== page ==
John Witcher
Get John Witcher essential facts below. View Videos or join the John Witcher discussion. Add John Witcher to your PopFlock.com topic list for future reference or share this resource on social media.
John Witcher
John Seashoal Witcher
Gen. John S. Witcher - NARA - 527399.jpg
Member of the U.S. House of Representatives
from West Virginia's 3rd district

March 4, 1869 – March 3, 1871
Daniel Polsley
Frank Hereford
3rd Secretary of State of West Virginia

1867-1869
GovernorWilliam E. Stevenson
Granville D. Hall
James M. Pipes
Personal details
Born(1839-07-15)July 15, 1839
Cabell County, Virginia, United States
(now West Virginia)
DiedJuly 8, 1906(1906-07-08) (aged 66)
Salt Lake City, Utah, United States
Political partyRepublican
Spouse(s)Mahaley Witcher
ProfessionPolitician, Soldier
Military service
Allegiance United States
Branch/serviceUnion Army
United States Army
Years of service1861-1865
1880-1899
RankLieutenant Colonel
Brevet Brigadier General
Unit3rd West Virginia Volunteer Cavalry Regiment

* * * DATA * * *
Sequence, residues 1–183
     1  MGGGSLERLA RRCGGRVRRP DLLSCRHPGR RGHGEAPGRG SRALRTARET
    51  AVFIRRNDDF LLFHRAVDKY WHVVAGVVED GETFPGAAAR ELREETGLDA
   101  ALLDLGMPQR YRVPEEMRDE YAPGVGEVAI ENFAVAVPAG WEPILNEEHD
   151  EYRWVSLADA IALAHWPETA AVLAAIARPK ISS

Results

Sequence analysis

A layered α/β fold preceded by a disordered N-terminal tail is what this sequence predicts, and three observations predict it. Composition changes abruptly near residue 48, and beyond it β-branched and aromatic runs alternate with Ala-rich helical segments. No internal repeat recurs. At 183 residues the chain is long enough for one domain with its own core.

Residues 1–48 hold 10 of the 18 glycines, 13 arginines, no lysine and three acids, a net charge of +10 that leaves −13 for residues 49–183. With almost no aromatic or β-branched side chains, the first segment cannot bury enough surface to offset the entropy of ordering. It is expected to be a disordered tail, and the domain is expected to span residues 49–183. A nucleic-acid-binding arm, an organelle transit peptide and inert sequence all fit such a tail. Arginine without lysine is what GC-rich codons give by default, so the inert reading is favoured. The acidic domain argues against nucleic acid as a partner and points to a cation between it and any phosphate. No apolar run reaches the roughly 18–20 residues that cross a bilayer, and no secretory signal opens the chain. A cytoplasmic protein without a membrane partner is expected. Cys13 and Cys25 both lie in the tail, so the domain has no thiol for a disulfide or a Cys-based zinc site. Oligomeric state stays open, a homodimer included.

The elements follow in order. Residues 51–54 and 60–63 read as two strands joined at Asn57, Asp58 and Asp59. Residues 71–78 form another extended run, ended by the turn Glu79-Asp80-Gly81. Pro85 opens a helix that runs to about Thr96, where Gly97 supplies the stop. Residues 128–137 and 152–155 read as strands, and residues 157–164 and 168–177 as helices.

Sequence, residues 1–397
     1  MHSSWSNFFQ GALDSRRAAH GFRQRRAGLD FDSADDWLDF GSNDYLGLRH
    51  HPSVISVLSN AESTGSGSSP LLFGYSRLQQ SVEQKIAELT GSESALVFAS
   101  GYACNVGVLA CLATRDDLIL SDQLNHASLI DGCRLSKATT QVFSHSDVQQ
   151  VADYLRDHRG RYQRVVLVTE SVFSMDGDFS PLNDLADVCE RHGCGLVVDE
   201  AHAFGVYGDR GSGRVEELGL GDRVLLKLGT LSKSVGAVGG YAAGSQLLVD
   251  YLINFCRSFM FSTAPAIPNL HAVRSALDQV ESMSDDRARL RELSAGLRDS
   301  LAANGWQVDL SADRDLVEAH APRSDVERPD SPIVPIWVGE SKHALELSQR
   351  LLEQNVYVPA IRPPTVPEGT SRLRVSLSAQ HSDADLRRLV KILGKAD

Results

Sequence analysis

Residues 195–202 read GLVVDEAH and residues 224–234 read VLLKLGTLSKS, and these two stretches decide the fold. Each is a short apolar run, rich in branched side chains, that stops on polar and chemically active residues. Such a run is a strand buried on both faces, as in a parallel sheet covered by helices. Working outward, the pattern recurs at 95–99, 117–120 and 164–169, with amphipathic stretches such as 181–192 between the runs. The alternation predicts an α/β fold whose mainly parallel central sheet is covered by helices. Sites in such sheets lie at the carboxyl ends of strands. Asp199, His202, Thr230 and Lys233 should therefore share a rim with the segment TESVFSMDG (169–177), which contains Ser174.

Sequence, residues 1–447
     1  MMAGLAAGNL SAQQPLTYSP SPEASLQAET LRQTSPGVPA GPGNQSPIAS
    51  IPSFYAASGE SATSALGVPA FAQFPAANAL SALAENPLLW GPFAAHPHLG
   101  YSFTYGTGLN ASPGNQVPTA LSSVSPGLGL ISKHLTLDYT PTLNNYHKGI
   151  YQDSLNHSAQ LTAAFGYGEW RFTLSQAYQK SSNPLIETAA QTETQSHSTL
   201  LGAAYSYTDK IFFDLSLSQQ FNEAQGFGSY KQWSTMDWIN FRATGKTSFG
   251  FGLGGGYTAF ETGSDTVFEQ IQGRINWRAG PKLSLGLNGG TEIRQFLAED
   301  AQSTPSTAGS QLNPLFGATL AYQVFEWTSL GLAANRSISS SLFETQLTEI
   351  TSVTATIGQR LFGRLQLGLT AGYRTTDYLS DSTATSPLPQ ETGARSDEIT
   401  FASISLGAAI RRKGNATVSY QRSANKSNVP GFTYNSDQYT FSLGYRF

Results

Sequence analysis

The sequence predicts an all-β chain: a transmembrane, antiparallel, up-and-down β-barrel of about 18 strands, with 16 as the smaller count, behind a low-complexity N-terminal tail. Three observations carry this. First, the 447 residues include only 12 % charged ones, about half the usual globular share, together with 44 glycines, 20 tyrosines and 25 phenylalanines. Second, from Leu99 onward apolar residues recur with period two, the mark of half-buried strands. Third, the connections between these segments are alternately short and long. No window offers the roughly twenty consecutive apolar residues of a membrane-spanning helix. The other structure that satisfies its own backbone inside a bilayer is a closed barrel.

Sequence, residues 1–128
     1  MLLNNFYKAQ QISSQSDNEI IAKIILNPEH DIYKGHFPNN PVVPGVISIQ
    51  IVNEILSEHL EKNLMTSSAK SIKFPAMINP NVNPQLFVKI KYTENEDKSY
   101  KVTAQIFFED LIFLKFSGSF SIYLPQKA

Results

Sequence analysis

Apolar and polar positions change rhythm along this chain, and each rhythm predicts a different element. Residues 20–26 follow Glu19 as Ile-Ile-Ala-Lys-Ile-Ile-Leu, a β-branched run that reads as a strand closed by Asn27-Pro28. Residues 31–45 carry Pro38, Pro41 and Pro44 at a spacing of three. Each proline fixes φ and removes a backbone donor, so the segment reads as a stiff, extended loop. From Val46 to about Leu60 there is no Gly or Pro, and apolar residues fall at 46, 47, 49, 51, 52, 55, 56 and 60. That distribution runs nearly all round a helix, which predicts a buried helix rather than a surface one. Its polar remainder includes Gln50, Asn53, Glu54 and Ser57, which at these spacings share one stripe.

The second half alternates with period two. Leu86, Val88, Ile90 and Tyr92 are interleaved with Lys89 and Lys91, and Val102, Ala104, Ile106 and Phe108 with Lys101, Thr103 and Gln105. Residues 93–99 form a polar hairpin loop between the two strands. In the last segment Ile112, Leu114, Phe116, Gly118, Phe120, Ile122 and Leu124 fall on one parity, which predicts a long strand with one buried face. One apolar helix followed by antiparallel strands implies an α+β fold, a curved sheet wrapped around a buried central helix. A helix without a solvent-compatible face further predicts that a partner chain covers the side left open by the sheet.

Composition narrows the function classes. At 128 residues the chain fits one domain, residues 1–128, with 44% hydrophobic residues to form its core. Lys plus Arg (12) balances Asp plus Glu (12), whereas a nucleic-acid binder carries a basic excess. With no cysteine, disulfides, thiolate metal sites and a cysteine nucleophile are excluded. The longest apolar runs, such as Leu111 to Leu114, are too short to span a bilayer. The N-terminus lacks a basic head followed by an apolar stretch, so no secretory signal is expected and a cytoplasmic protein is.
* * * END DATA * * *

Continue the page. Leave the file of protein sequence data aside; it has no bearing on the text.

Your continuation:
Battles/warsAmerican Civil War

John Seashoal Witcher (July 15, 1839 – July 8, 1906) was an American farmer, politician and soldier from Cabell County, West Virginia (then in Virginia), who helped found the new Union state during the American Civil War and served one term in Congress representing West Virginia's 3rd congressional district as a Republican. After losing his re-election, however, he resumed his federal and U.S. Army career. In addition to serving as lieutenant colonel and brevet colonel of the 3rd West Virginia Volunteer Cavalry, Witcher also served a member of the West Virginia House of Delegates and as the 3rd Secretary of State of West Virginia. On March 18, 1867, President Andrew Johnson nominated Witcher for appointment to the brevet grade of brigadier general, to rank from March 13, 1865; and the United States Senate confirmed the appointment on March 28, 1867.[1]